I can’t believe how long it’s been since I was able to post — an entire month, gah. I’ve been reading, but I just have not had time to write in February! February is always dreadful. I’m hoping to catch up a bit in the next couple of days — good thing this is a short month, so that if nothing else we all don’t murder each other in our sleep.
The Girl Who Wrote in Silk, by Kelli Estes, is something I read for a local women’s book group I was asked to lead. It’s a dual timeline story with a sort of romance-novel vibe, and I was fairly skeptical at first, but it didn’t turn out to be quite as awful as I thought it might be. The first story takes place in the mid-19th century, and features a Chinese girl, Mei Lien, who lives in Seattle. She and her family are driven out of their home, pursuant to the Chinese Exclusion Act and the Geary Act of 1882, and (thanks to events I won’t go into) Mei Lien is the only one of her family to survive. The other story is that of Inara, a modern woman who also lives in Seattle. Inara wants to stop being a businesswoman and take up running a boutique hotel on her family’s property on Orcas Island, which (naturally) is where Mei Lien fetched up after she left Seattle. Inara is doing some initial restoration of her family’s house, and finds an intricately embroidered silk sleeve under a stair. She begins some exploration of how the sleeve might have gotten there and whom it might have belonged to, and the two stories begin to converge.
Mei Lien’s story is by far the more interesting and engaging. The author clearly took the time to research Chinese-American culture and to try to understand how someone might feel about being excluded, discriminated against, and brutally separated from her family during the latter part of the 19th century. Mei Lien has her own personality, her own sense of mourning and spirituality, her own anger and sorrow, her own sense of gender norms, and her own art, which she expresses through needlework. I am not, personally, much of a romance reader (with the exception of Georgette Heyer) and so I found the romance conventions excruciatingly embarrassing, but I could tell, through the red fog of make-it-go-away, that they were normal for romances.
Inara’s story was something else again. Unfortunately, this modern-day story was far more clichéd, banal, and filled with way overdetermined coincidences. Just one (possibly the worst one — spoiler ahead): when Inara finds the sleeve under the stair, she consults Daniel, a professor of Chinese art at the University of Seattle, who happens to be of Chinese heritage himself. This professor, with whom she falls instantly in love, is, of course, one of Mei Lien’s descendants. OF COURSE. Because there’s only one Chinese person in Seattle. Jeez. Jeeeeeeeez.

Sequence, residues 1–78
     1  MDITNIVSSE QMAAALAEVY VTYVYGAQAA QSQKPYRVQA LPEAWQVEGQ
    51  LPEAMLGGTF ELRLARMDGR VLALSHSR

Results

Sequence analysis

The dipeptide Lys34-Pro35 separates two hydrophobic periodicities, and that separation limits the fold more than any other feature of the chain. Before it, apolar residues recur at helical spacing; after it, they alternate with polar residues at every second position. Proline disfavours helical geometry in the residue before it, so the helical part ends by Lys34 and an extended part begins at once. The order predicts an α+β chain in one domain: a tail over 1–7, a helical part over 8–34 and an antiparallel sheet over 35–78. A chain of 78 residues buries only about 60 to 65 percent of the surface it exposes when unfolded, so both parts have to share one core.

I will say that one of the women at the book club read this section differently than I did. She saw the modern section as a fulfillment of the historical section: the professor and his wealthy family (Daniel’s mother is a very successful restaurateur) are examples of how the Chinese succeeded in the US despite terrible odds against them. I can see this reading, though I don’t think it’s well written at all.
I was also taken aback at the end of the book to find out that the author had changed historical events in Seattle to suit her own purposes. Apparently, many towns in the Northwest did drive the Chinese out, including US citizens, and sometimes killed them, but Seattle did not: in Seattle, the sheriff stopped that from happening and used his men to personally guard the ethnic Chinese until the riots had stopped some six months later. I was shocked that Estes portrayed Seattle as one of the places that drove the Chinese out and killed them, when actually that didn’t happen there. What do you think about that?
In any case, I had very mixed feelings about the book. The setting was lovely, and I liked Mei Lien as a character, but I wouldn’t really recommend it. Have you read this book? Do you think historical books should stick to facts?